Skip to comments.Guess Who Loves Coal Fired Power Plants
Posted on 09/07/2012 6:20:18 PM PDT by count-your-change
While the U.S. is either closing coal fired powered plants or forcing them to change to much more expensive natural gas, Germny is pressing ahead with coal fired generation of electricity.
Has Germany abandoned its efforts to be "green"?
No, but the rising costs and unreliablity of "green" electricity has some German government ministers concerned. Go to the link and read the rest of the article with the excerpt below:
"He (Altmaier) is also worried that his country could become dependent on foreign imports of electricity, the mainstay of its industrial sector. To avoid that risk, Altmaier has given the green light to build twenty-three new coal-fired plants, which are currently under construction."
(Excerpt) Read more at ammoland.com ...
You can count eastern Europe as well. Many countries in Europe have flipped the bird at EU environment policies.
The smart grid movement is partially driven by the irregularity of renewable power sources. And “smart grids” are driven by a desire to micromanage human energy usage to shut down demand when renewables cannot deliver.
Impossible to describe but utterly amazing.
Sounds just like rationing. Of course the rationers will never be the rationees.
“Guess Who Loves Coal Fired Power Plants”
I remember reading in an article here on FR a few years back that there are enough known coal deposits in Wyoming and Montana to power the entire United States for the next six hundred years, counting projected population growth.
Don’t get too carried away with praise for Germany here. They’ve got to do coal as, if you remember, after the Japanese tsunami and their nuke plants being damaged, causing leak of radiation, Germany decided to do away with nuclear power plants as a source for electrical power. They are big greenies, you know. However, they’ve got to get their power from somewhere, so it appears the coal industry is the lesser of two evils to their mind.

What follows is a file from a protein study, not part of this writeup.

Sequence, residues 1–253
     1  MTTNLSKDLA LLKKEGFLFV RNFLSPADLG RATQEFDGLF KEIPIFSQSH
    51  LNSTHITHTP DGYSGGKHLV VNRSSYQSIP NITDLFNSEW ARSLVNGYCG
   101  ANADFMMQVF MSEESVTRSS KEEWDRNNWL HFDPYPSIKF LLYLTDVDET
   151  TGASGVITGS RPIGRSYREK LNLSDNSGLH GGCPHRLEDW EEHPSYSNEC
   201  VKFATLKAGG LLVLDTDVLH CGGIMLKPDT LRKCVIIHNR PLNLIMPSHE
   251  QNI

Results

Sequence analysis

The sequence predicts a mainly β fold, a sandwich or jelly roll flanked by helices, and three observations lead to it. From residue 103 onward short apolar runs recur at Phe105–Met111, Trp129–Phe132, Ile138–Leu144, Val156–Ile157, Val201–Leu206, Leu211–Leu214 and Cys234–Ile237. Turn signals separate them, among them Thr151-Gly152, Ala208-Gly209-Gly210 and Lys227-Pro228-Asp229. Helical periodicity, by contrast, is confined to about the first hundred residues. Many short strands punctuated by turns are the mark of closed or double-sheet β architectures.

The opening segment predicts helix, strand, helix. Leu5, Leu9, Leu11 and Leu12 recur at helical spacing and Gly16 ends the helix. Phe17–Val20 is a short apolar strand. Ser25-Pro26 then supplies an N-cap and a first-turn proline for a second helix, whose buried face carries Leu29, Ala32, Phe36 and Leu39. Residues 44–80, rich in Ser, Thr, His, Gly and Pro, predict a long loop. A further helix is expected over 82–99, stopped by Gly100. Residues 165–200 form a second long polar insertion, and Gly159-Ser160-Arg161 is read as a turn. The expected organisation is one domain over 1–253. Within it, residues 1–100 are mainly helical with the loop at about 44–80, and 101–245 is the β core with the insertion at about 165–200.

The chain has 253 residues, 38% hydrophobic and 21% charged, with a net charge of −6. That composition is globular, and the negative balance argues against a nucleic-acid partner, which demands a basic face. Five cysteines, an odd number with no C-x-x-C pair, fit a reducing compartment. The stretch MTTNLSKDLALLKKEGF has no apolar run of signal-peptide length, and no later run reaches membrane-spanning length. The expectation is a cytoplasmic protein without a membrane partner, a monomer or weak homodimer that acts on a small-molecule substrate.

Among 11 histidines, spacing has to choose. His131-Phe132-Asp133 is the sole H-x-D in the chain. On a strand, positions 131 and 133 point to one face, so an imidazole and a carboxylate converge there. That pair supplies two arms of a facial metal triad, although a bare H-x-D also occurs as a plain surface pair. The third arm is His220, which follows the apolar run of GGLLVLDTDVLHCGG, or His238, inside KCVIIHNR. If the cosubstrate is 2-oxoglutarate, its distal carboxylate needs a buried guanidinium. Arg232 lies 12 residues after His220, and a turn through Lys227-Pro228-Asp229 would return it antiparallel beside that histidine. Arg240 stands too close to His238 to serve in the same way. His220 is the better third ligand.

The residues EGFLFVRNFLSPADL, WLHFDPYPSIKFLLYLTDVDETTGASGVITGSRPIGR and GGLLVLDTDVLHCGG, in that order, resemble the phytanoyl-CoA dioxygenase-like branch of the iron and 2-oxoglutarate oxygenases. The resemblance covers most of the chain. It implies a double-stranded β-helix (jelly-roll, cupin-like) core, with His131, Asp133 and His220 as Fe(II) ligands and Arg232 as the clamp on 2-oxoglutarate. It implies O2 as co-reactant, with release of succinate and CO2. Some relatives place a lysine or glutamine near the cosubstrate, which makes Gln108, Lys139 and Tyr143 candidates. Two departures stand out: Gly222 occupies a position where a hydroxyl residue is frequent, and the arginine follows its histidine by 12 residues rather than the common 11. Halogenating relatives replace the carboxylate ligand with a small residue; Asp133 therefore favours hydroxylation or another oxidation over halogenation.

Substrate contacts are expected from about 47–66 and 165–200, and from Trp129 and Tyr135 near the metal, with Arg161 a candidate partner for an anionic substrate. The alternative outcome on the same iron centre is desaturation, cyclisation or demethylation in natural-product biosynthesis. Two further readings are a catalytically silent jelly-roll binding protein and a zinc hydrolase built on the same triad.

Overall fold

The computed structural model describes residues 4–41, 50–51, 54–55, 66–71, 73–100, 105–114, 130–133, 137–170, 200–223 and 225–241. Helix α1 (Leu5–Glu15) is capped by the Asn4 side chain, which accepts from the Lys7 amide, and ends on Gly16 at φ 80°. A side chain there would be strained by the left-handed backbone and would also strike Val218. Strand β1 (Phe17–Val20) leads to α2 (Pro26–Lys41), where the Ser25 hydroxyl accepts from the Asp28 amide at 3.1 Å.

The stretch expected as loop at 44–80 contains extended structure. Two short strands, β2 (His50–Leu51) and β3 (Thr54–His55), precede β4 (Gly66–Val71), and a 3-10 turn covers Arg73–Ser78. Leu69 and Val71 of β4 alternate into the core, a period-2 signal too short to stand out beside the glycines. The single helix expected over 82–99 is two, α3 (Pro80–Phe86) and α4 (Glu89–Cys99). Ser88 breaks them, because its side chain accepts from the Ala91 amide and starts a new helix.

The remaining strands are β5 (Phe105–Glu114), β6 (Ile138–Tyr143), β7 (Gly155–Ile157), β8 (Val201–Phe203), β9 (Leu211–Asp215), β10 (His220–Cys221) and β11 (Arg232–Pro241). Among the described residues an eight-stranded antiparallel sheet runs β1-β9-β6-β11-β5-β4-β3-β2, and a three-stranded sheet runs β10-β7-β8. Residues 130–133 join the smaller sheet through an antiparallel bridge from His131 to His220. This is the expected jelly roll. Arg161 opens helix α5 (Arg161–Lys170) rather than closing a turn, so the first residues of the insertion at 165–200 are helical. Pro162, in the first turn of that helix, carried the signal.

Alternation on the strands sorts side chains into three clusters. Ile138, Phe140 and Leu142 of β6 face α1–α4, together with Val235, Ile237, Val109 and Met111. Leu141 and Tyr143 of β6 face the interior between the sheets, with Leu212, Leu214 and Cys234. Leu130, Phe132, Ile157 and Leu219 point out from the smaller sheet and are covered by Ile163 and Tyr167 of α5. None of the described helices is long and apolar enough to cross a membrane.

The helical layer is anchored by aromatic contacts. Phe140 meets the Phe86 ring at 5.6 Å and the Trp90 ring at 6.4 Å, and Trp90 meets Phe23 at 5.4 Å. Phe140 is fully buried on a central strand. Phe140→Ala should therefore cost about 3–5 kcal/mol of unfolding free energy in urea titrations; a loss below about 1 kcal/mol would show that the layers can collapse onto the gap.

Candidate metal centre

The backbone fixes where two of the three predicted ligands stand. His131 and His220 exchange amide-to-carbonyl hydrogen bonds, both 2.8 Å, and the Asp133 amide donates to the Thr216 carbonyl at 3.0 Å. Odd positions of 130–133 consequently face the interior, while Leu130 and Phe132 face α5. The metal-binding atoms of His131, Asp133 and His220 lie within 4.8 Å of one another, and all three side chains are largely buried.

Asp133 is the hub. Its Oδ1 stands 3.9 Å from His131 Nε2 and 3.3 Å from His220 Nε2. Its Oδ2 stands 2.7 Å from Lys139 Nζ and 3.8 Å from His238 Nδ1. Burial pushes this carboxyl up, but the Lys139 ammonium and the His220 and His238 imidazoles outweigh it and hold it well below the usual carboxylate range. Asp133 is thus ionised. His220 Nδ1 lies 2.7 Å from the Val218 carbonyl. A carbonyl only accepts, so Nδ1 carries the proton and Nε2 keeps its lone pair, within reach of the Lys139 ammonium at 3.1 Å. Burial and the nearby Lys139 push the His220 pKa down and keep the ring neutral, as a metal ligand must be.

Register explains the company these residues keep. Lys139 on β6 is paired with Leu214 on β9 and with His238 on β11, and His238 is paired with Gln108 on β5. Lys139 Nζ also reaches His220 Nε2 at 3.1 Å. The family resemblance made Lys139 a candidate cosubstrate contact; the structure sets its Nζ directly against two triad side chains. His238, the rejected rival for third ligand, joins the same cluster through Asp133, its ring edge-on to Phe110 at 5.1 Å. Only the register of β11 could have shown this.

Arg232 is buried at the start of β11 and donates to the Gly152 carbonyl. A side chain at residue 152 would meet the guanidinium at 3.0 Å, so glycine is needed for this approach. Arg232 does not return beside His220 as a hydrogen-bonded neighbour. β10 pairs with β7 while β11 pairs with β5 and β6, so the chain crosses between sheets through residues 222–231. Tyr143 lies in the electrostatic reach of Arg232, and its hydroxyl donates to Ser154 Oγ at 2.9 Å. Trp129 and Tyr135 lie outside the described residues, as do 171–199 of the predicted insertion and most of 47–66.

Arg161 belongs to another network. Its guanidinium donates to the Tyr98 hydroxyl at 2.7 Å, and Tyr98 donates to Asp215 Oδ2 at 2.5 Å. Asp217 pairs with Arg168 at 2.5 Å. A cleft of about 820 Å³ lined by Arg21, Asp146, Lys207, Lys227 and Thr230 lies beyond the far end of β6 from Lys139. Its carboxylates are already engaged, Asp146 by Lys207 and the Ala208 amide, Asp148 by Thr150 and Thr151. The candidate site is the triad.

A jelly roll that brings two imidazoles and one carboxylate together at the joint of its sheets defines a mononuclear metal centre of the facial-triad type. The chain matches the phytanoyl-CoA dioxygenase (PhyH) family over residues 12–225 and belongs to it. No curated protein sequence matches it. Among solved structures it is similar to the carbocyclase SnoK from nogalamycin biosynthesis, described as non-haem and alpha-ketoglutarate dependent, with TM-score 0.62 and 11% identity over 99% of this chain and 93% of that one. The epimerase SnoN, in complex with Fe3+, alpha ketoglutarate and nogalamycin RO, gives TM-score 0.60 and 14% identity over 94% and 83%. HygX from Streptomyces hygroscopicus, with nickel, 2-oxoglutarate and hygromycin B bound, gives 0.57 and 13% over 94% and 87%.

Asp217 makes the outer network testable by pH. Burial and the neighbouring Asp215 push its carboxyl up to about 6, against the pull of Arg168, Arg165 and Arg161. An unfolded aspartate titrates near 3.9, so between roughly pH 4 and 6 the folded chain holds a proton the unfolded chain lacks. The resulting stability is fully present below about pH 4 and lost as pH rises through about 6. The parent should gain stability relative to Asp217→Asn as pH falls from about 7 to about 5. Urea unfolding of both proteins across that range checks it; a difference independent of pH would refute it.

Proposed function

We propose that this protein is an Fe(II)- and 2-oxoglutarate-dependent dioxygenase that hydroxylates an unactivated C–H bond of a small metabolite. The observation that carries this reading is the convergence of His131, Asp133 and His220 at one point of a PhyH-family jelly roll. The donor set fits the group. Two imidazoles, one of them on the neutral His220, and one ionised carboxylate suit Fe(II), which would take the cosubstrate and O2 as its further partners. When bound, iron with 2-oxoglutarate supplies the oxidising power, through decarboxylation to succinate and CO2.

I was recently in Aachen, Germany attending a business conference and just marveled at the huge coal strIp mine that fed the coal directly to a power plant by conveyer belt.
They know a strategy like Obama’s will push demand into other energy forms and run costs......creating other shortages, Costs of coal are a internal thing and not benefiting the saudis as well as additional dependence on the saudis.
They know the folly of outsourcing your energy needs when you have a viable source at home
“Altmaier has given the green light to build twenty-three new coal-fired plants, which are currently under construction.”
A) “green light”.....pun of the day.
B) How does one give the green light to 23 new power plants that are already under construction.
Is this an oxymoron?
All arguments of electrical power really boil down to a discussion of coal vs. nuclear. That's it. Discussion over alternative energy is a red herring, but this doesn't stop politicians from seizing every photo opportunity at a solar plant or wind farm.
Japan = nuclear
Germany = coal
France = nuclear
USA = coal
China = nuclear and coal
Australia = coal
Canada = coal
The real discussion needs framed accurately. There are only two options that can provide enough power when we need it, reliably, and cheap enough not to destroy our economy, coal or nuclear. Now make your choice in that context.
One problem with nuclear plants is the lack of standardization in their design. The facility at Palo Verde in Arizona sought to overcome this by planning on building five identical plants (scaled back to three). Each one was in a different stage of build and that allowed problems in one to be avoided in the other two.
Even so the cost over the time of building rose considerably.
Check this one out
The U.S. is unlikely to build any more nukes in the foreseeable future so that leaves coal and/or nat. gas power plants and as nukes are decommissioned their output will have to be replaced somehow.
Is the U.S. building enough capacity to replace what is going offline? A good question.
The big question is a political one....will it be mined?